Archive | June 3, 2015
Explosions of various sizes continue to occur from the volcano’s summit vent. A particularly spectacular one this morning around 06:10 local time showered the summit cone with incandescent material and triggered small pyroclastic flows.
Courtesy of volcanodiscovery.com
The alert level of the volcano was again raised from “siaga” to “awas”, the highest on the Indonesian 1-4 scale. The reason is a currently elevated risk of possibly larger pyroclastic flows, that could be triggered by collapse of the increasing volume of the viscous lava lobe emplaced on the upper SE flank.
The alert level of the volcano had been at 4 during late Nov 2013 until April 2014,- the first and so far most violent phase of pyroclastic flow generation after the lava had spilled over the summit crater and built a large lobe that reached the base of the cone.
The lava lobe on Sinabung’s upper SE flank on 3 June 2015 (Beidar Sinabung / facebook)
Since then, for more than a year now, lava effusion has continued at mild, more or less constant rate. Tremor data suggest that the supply rate of magma to the volcano’s summit has been more or less constant during the past year.
This activity produced successive lava lobes on the upper flank, all on top and/or at the upper sides of the main flow emplaced during the first months of the eruption. Associated avalanches and pyroclastic flows had mostly been smaller in comparison, although a few larger ones occurred as well.
Rock avalanche on the ENE flank (Mbah Lëwå / facebook)
However, the number of rock avalanches and pyroclastic flows has not been constant over time. It shows an amazing cyclic pattern at a rhythm of approx. 4-5 weeks for each. This corresponds to alternating phases of slow growth of a lobe, during which relatively few rockfalls occur, and a following period when the lobe is being destroyed by more frequent rockfalls / pyroclastic flows of various sizes.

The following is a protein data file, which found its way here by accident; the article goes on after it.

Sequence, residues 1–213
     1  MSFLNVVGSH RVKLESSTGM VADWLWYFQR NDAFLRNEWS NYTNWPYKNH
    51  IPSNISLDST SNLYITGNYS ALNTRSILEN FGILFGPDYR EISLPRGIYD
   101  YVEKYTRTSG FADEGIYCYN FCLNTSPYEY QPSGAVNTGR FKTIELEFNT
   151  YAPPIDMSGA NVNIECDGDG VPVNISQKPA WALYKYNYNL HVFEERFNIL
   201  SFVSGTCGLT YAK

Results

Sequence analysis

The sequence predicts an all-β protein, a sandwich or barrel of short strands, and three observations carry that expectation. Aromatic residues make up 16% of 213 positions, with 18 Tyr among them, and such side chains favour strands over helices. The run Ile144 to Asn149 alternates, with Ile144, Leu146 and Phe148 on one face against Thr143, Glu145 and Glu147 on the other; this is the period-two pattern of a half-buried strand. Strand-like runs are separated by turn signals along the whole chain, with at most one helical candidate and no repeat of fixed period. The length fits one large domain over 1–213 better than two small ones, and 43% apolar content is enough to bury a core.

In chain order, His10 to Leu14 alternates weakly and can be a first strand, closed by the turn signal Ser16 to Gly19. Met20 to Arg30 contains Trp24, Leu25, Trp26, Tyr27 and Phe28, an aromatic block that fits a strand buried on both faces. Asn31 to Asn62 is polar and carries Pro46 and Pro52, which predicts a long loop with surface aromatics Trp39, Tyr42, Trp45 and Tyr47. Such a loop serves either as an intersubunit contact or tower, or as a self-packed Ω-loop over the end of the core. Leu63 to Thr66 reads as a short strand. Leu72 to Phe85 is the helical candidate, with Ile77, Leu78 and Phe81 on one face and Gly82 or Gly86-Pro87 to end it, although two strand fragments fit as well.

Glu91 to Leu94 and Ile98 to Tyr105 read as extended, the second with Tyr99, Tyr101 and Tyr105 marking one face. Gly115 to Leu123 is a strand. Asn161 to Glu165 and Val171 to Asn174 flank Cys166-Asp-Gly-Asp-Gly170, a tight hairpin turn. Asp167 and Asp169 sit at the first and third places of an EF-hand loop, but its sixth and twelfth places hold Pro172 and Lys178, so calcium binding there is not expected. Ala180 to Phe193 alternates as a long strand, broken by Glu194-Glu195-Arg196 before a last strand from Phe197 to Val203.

Different to the previous episodes, the current lobe which appeared in late April has now become significantly bigger than its predecessors. Therefore, it could in turn also produce much larger pyroclastic flows if it collapses. Its volume has been estimated to be approx. 3 million cubic meters, about twice as the previous lobe that formed during late March-April.
The current lobe has even become large enough to overspill to the ENE side where a number of rock avalanches and smaller pyroclastic flows have started to occur, in an area that has not been touched for months.
Authorities started to evacuate more than 1,800 people from several villages (Jeraya, Mardinding, Sukanalu, Sigarang-fierce, Kutagugung, Lau Kawar) and the exclusion zone was increased to 7 km distance from the summit in the SE sector of the volcano.
Number of rockfalls / pyroclastic flows since 2015 (PVMBG)
Courtesy of volcanodiscovery.com
A severe dust-storm paralyzed the Karachi Airport temporarily on Wednesday and also caused 50 feeders of KElectric (KE) to trip, causing a blackout in parts of the metropolis.
According to KElectric spokesman Usama Qureshi the dust-storm caused 50 out of 1400 feeders to trip. The spokesman added that strong winds caused billboards and trees to crash with power lines causing further outages.